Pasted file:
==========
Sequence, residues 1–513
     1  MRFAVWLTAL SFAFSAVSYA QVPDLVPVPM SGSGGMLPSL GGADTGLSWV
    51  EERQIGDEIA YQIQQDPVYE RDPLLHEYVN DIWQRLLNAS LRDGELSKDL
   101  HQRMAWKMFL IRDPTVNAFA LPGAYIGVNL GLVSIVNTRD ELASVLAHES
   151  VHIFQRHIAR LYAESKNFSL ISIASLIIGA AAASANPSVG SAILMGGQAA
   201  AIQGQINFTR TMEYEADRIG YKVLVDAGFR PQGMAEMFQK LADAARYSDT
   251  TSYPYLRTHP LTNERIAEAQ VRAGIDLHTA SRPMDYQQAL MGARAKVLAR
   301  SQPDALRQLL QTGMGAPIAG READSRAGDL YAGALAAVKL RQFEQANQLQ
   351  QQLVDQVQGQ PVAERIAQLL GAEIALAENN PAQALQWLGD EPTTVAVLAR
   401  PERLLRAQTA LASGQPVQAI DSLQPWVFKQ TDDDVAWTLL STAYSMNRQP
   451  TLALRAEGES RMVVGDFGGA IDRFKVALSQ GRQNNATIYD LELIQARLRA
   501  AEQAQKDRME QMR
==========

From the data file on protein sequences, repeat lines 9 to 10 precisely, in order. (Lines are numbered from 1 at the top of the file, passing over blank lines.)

   351  QQLVDQVQGQ PVAERIAQLL GAEIALAENN PAQALQWLGD EPTTVAVLAR
   401  PERLLRAQTA LASGQPVQAI DSLQPWVFKQ TDDDVAWTLL STAYSMNRQP